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Article |

The Companion

Richard F. Herndon, MD
JAMA. 1984;251(22):2926. doi:10.1001/jama.1984.03340460016003.
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To the Editor.—  The patient's companion is common in office practice. I thought the companion (someone who accompanies the patient to the office) relevant to management, so I interviewed them for six months to investigate the phenomenon.One hundred six consecutive companions were interviewed. These interviews involved an office patient volume of 1,240 visits (incidence, 8.6%). Reports from ambulatory psychiatry practice have described the companion1,2 at an incidence of up to 45%.In medical office practice, the companion is obvious as is his intent, but special illustrations are helpful.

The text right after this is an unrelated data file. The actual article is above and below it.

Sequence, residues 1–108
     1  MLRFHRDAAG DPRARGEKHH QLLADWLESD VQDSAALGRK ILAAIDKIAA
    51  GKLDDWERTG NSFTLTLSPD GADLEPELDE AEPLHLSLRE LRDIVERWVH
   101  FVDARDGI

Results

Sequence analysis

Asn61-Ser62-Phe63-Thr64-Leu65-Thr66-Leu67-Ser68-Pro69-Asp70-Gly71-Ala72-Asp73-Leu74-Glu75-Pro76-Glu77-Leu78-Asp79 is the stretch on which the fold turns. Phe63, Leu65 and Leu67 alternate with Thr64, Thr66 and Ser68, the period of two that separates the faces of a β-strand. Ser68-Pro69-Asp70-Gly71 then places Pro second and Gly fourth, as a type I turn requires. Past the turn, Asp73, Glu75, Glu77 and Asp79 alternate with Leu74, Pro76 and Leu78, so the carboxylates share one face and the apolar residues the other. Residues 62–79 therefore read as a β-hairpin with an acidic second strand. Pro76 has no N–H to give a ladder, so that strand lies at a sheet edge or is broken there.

Credibility—  The companion gives credence to a complaint. A 74-years-old woman came with her companion, her daughter. The patient had been seen four times before with a "swimming" feeling in her head. Before the visit her daughter called, stating that her mother had a roaring noise in her left ear that she, the daughter, could hear. Although I could not


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